The National Security and Investment Act (the NSI Act) enables the UK government to intervene in acquisitions that could harm the UK’s national security where the relevant tests are met. The UK government identified 17 sensitive areas of the economy that may require mandatory notifications, including synthetic biology, artificial intelligence and advanced robotics. The 17 sensitive areas are defined in the National Security and Investment Act 2021 (Notifiable Acquisition) (Specification of Qualifying Entities) Regulations 2021/1264, and there is published guidance on the definitions. For example, synthetic biology is defined ‘as the process of applying engineering principles to biology to design, redesign or make biological components or systems that do not exist in the natural world’, and the Regulations and guidance elaborate on activities that are or are not caught.
In addition to the mandatory notification regime, the NSI Act also provides for voluntary notifications for other types of transactions. Transactions within the voluntary notification regime may be called in for review if not notified.
The first full-year annual report since the NSI Act entered into force (covering the period from 1 April 2022 to 31 March 2023) was published in July 2023 and provides insight on how the NSI Act is being applied in practice. The annual report reveals that 866 notifications were received by the Secretary of State during this period, of which 93 per cent were cleared unconditionally within the initial 30-working-days review period, with the remaining 7 per cent proceeding to a full assessment. Of the transactions that proceeded to a full assessment, only 15 were found to raise national security concerns leading to ‘final orders’ being imposed (five prohibiting the transaction and 10 clearing the transaction with remedies).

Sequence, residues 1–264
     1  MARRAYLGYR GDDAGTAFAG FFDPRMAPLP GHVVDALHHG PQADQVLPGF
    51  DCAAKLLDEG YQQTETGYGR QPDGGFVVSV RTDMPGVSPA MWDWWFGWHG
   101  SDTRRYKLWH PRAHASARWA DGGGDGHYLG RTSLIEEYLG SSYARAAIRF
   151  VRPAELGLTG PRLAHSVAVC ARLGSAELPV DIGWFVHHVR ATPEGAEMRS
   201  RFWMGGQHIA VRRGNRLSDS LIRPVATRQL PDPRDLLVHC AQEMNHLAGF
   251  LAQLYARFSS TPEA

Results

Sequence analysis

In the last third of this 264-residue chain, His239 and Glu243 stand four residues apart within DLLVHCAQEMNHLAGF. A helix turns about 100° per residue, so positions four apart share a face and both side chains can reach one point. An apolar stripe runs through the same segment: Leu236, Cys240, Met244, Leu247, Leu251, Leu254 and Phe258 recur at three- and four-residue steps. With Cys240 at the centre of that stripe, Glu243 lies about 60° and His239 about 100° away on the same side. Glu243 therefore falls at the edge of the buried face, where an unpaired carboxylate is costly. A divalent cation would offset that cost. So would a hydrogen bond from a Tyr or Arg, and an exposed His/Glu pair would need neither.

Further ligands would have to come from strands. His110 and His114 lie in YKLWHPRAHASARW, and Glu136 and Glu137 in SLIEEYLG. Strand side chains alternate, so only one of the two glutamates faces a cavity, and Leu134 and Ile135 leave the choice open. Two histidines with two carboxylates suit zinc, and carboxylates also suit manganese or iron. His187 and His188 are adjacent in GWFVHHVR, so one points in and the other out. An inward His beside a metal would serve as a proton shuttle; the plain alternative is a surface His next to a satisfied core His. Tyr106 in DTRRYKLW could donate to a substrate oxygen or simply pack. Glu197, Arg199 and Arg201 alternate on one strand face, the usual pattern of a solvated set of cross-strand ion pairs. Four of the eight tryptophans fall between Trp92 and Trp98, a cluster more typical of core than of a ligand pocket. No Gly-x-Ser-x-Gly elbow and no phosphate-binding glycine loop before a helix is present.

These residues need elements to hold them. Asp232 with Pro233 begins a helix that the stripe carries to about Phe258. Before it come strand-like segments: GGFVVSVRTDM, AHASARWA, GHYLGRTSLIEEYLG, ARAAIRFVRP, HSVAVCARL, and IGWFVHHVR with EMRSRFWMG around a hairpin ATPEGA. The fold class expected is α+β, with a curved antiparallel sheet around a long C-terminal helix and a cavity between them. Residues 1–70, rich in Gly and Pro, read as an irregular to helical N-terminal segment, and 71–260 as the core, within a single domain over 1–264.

The annual report includes data on the proportion of notifications and transactions concerning the synthetic biology sector that proceeded to a full assessment (approximately 5 per cent or less). None of the 15 transactions that received a final order related to synthetic biology, and from the information available it does not appear that any of the transactions that received a final order during this period related to the broader life sciences sector.
1 Miranda Cole is a partner and Emma Clarke and Julien Haverals are associates at Norton Rose Fulbright LLP. The authors wish to thank Noby Cyriac for his contributions to this chapter.
2 Council Regulation (EC) No. 139/2004 of 20 January 2004 on the control of concentrations between undertakings (EUMR), OJ L 24, 29 January 2004, pp. 1–22.
3 A concentration occurs when a change of control occurs on a lasting basis.
4 A concentration has a Community dimension where: (1) the combined worldwide turnover of all the undertakings concerned exceeds €5 billion; and (2) the EU-wide turnover of each of at least two of the undertakings concerned exceeds €250 million; or (1) the combined worldwide turnover of all the undertakings concerned exceeds €2.5 billion; (2) the combined turnover of all the undertakings concerned exceeds €100 million in each of at least three Member States; (3) turnover of over €25 million is generated by at least two of the undertakings concerned in each of the three Member States included under point (2); and (4) the aggregate Community-wide turnover of each of at least two of the undertakings concerned is more than €100 million. The EUMR provides for an exemption to the notification if each of the undertakings concerned achieves more than two-thirds of its aggregate Community-wide turnover within one and the same Member State.
5 Articles 4(4) and 9 EUMR.
6 id., Article 4(5).
7 id., Article 22.
8 Commission, Case M.10827, Scintia/Beiersdorf, C(2022) 7255 final, 7 October 2022; Commission, Case M.9812, Verily Life Sciences/Santen Pharmaceutical/JV, C(2020) 5467 final, 3 August 2020; Commission, Case M.9540, Permira/Cambrex, C(2019) 8720 final, 27 November 2019; Commission, Case M.7824, Vita Central Europe/Walmark, C(2016) 950 final, 11 February 2016; and Commission, Case M.7716, Pfizer/GSK Menacwy Business, C(2015) 6311 final, 9 September 2015.